"He used to stand at the side of the stage and watch our every move": How Johnny Kidd & The Pirates made one of the great British rock'n'roll records and inspired Jimmy Page

Johnny Kidd & The Pirates performing on TV
(Image credit: David Farrell/Redferns)

It’s a curious fact that some of the most enduring songs were written in a matter of minutes, such as The BeatlesYesterday, the Stones’ Satisfaction, Led Zeppelin’s Rock And Roll and Black Sabbath’s Paranoid. Another one is Johnny Kidd & The Pirates’ classic from 1960, Shakin’ All Over. Knocked together hastily in a cellar at midnight, it was intended as a throwaway B-side. Instead it became a monster hit and a foundation stone of British rock‘n’roll. 

“I’d asked our studio engineer, Peter Sullivan, if we could write the B-side of our next single,” explains bassist Brian Gregg. “But we were so busy doing gigs that we never got round to writing it until the night before the recording session at Abbey Road. We got back to London at midnight, after a gig in Aylesbury, and Alan Caddy [guitarist], myself and Johnny Kidd went to the Freight Train coffee bar in Soho. Downstairs was an unused basement with no lighting, full of old chairs and CocaCola crates. All our instruments were still outside in the van, so the three of us sat there and came up with the guitar intro and bass line.”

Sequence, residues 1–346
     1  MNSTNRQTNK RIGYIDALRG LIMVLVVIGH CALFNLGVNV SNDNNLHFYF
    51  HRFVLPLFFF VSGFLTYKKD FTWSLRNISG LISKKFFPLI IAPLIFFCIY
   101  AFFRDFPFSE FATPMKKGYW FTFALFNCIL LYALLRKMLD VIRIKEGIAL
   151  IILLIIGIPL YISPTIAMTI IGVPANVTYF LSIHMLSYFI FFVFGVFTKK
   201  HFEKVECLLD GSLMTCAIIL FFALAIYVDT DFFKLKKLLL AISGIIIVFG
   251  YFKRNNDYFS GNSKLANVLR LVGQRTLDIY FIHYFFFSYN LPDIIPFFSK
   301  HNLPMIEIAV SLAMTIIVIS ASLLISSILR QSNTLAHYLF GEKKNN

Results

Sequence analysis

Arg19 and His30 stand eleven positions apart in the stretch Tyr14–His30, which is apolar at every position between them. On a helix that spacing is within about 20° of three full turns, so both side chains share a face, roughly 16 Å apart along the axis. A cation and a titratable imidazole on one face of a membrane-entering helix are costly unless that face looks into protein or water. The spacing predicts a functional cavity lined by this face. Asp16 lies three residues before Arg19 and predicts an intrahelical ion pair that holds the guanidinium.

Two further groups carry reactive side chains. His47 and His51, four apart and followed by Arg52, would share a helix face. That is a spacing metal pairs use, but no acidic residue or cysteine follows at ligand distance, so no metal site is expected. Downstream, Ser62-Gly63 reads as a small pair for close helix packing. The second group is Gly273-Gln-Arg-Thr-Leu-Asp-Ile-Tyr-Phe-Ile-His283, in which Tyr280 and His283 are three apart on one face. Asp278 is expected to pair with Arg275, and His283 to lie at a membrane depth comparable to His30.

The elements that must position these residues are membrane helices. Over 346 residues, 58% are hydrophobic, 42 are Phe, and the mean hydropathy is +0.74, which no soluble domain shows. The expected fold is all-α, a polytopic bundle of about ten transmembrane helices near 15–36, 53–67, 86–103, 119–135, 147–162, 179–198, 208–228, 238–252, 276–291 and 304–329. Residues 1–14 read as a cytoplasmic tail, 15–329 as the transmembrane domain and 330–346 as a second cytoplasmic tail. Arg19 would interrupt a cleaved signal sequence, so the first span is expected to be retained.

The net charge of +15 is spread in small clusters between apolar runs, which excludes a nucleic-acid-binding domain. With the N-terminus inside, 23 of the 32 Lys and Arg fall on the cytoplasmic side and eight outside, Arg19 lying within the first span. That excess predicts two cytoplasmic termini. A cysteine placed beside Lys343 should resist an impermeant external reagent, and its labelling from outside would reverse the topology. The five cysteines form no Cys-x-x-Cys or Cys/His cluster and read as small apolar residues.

All they needed were some lyrics. Then Kidd had an idea. 

“He had a part of his stage act called dynamic tension,” says Gregg. “Johnny would hold himself really stiffly and then shake during the guitar solo. So he told us he’d like to do a song where he could do this routine, because it used to go down really well with the girls. Suddenly we had Shakin’ All Over as a title, and started slotting words in between these two riffs. We were a bit ashamed of it, to be honest, because by 1960 the term ‘shakin’’ was so passé; Jerry Lewis had already done Whole Lotta Shakin’ Goin’ On and Bill Haley had covered Shake, Rattle And Roll. But we thought: ‘Oh well, it’s tucked away on a B-side, so it won’t bloody matter.’”

The band still hadn’t played Shakin’ All Over by the time they arrived at Abbey Road at 10.30 the next morning. The main focus of the session was the A-side, Yes Sir, That’s My Baby, an American standard that their label EMI had insisted they cover. Luckily, they were given a little extra time to work up Shakin’ All Over, due to another artist running late in their studio. Repairing to the canteen, the Pirates were joined by guitarist Joe Moretti, who they’d called in to play lead. 

“It wasn’t that Alan Caddy wasn’t capable of doing it,” states drummer Clem Cattini. “But he had this nervousness in the studio, so we got Joe in to do the solo. It just came out off the top of his head. Once we got in there, we had a little run through and that was it.” 

Shakin’ All Over was nailed by the second take, and the finished item was extraordinary. Led off by a goose-bumpy riff and Gregg’s equally memorable bass line, with Kidd’s lust-ridden protagonist quaking into the chorus, it was quintessential rock’n’roll drama. The use of echo, allied to Cattini’s drum fill and Moretti’s solo, heightened the effect.